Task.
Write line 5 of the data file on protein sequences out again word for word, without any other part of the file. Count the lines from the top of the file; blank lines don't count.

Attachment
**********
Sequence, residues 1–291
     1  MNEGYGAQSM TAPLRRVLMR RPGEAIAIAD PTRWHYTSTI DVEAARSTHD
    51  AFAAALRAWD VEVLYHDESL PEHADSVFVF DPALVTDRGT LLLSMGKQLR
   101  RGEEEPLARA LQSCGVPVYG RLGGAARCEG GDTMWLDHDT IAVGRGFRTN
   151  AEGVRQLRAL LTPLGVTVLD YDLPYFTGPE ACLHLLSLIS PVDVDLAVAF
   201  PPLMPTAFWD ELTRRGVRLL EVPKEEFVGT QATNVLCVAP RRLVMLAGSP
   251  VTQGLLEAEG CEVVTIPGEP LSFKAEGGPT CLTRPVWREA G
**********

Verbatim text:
   151  AEGVRQLRAL LTPLGVTVLD YDLPYFTGPE ACLHLLSLIS PVDVDLAVAF